|Publication number||US5474237 A|
|Application number||US 08/396,440|
|Publication date||Dec 12, 1995|
|Filing date||Feb 28, 1995|
|Priority date||Feb 28, 1995|
|Also published as||DE69604214D1, DE69604214T2, EP0729788A1, EP0729788B1|
|Publication number||08396440, 396440, US 5474237 A, US 5474237A, US-A-5474237, US5474237 A, US5474237A|
|Inventors||John F. Bishop, Karen E. Maskasky|
|Original Assignee||Eastman Kodak Company|
|Export Citation||BiBTeX, EndNote, RefMan|
|Patent Citations (16), Referenced by (12), Classifications (12), Legal Events (4)|
|External Links: USPTO, USPTO Assignment, Espacenet|
The present invention relates to an improved method and apparatus for grinding solid particles or mixing photographic dispersions.
Many industries utilize wet grinding and dispersion equipment for size reduction in dispersion processes to prepare very find dispersions of solid particles suspended in liquid medium. This wet grinding process is commonly used for photographic, pharmaceutical, cosmetic, electrical and other applications requiring fine particle formation. The processing chamber of these devices are commonly filled with small grinding beads which occupy up to eighty or ninety percent of the volume within the chamber. The agitation of these beads in the presence of the liquid dispersion containing the solid particles results in ultra-fine size reduction. The large number of contact points provided by the grinding beads provides an efficient way to impart energy into the dispersion or particles to be ground.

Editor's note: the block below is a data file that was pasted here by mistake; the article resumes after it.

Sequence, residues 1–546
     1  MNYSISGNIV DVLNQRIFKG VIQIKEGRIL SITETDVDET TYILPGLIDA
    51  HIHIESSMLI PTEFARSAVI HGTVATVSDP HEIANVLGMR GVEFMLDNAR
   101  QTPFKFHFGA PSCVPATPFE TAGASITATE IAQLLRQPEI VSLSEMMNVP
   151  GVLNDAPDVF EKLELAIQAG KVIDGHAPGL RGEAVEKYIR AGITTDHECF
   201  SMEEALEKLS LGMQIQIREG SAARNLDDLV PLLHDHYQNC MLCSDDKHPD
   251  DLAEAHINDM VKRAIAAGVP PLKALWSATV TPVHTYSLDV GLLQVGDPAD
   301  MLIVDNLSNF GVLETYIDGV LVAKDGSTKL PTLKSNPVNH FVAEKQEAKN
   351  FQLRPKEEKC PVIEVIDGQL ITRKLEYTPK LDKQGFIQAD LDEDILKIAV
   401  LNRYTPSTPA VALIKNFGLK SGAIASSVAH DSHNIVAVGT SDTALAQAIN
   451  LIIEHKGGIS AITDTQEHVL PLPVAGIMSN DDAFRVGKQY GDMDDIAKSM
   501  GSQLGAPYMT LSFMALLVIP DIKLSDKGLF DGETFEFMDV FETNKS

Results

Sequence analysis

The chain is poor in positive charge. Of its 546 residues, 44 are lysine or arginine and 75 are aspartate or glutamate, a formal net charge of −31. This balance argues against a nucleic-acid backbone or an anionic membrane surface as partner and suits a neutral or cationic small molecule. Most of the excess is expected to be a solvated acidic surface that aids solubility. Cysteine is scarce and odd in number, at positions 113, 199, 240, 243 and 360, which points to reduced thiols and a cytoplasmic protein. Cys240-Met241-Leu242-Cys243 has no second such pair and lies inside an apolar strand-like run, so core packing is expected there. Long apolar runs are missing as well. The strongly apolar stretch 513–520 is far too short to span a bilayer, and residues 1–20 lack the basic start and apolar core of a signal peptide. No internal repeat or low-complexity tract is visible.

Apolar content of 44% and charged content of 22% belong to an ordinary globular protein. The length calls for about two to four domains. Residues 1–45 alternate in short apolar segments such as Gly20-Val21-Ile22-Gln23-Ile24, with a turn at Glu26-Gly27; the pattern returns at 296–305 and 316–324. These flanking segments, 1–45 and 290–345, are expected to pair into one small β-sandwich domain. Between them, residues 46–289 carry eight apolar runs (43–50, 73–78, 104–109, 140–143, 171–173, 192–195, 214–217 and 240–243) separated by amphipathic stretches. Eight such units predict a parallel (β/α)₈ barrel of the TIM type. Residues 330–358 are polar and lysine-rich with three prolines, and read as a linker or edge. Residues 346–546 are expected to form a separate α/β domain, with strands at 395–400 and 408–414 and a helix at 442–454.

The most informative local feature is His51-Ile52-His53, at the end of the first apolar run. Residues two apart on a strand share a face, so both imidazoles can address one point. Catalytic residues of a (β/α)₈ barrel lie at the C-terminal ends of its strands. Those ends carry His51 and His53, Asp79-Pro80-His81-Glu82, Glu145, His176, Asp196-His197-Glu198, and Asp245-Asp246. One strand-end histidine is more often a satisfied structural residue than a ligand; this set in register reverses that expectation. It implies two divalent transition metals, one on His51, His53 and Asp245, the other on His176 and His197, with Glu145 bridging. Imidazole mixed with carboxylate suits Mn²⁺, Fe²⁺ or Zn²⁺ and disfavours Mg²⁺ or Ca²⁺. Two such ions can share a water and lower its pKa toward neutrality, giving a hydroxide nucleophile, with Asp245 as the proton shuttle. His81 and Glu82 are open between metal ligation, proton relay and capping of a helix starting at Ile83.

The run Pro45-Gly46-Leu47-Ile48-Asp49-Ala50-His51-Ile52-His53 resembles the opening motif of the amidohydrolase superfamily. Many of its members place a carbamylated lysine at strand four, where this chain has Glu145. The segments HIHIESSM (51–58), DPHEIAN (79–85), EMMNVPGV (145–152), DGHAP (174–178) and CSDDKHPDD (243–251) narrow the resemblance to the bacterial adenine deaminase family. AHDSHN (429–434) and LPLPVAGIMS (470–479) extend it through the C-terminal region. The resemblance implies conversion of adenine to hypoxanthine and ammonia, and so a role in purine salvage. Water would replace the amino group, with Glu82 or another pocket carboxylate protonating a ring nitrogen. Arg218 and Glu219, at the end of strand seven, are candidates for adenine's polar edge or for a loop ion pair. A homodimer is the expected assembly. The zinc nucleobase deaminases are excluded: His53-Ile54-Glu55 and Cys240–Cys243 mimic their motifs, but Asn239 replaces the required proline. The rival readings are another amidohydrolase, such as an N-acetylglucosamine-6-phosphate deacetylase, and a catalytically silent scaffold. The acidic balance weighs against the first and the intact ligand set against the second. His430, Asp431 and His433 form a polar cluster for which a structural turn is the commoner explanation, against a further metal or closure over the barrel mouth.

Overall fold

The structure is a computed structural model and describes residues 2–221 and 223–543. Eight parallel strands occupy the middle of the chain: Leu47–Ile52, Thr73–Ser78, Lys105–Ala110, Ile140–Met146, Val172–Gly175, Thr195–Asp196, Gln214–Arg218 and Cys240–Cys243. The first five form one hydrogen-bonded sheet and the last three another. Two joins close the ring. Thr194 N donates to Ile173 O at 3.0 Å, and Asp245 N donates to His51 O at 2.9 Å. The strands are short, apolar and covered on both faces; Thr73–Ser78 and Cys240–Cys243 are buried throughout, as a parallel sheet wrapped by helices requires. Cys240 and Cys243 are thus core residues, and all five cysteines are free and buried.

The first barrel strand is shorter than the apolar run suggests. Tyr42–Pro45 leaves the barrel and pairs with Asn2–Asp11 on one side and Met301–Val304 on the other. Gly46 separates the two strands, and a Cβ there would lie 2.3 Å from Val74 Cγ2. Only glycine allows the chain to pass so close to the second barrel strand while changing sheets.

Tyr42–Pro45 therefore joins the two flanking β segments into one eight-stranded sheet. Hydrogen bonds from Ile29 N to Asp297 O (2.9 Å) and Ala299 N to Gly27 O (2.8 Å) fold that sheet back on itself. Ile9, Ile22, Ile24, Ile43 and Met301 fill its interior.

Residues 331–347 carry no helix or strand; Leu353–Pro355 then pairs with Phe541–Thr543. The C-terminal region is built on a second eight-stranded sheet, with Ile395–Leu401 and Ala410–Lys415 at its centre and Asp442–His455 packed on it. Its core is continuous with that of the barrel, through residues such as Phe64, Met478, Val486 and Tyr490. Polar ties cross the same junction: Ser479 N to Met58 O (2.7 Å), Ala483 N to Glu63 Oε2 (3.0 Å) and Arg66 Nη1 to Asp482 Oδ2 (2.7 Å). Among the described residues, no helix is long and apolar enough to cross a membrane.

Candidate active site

These continuous grinding mills are fitted with retention screens on the product outlet of the grinding chamber to retain the grinding beads and oversized product in the grinding zone and allow the liquid dispersion to flow continuously through this active grinding zone. The cylindrical screen cartridges are commonly used for fine grinding media and are useful on larger production mills. However, the screen openings of the cylindrical screen cartridges are prone to plugging and require frequent cleaning during the wet grinding process. In addition, dispersions exhibiting pseudo-plastic flow behaviors can build up a high resistance to flow and result in excessive pressures in the grinding chamber. Such screens are prone to plugging by large undispersed particles in the liquid phase and fine beads or bead fragments. Screen plugging results in reduced run times, process variability and reduced process reliability. In addition, higher production costs are associated with screen clogging. To use grinding beads in these mills requires very narrow size distribution of the beads and requires intensive bead sieving and bead preconditioning to remove any residual fines. In most cases additional bead preconditioning is required to remove beads that may fragment during the milling process. These processing steps increase the unit costs of manufacturing dispersed systems.
The present invention provides an advantage over the prior art by extending the commercially useful process latitude of existing bead milling technology to operate continuously to manufacture dispersed systems.
The present invention is a wet milling apparatus which includes a milling chamber having an inlet port for introducing media to be milled and an outlet port for discharging the milled media. Grinding means are contained within the chamber. A screen covering the outlet port having a predetermined mesh size is provided. An ultrasonic probe is positioned on the outlet side of the screen and a pressure sensor for measuring pressure within the milling chamber is also provided. Control means which activate the ultrasonic probe when the pressure in the chamber reaches a predetermined value are provided. This apparatus prevents clogging of the screen and allows one to use the milling apparatus continuously.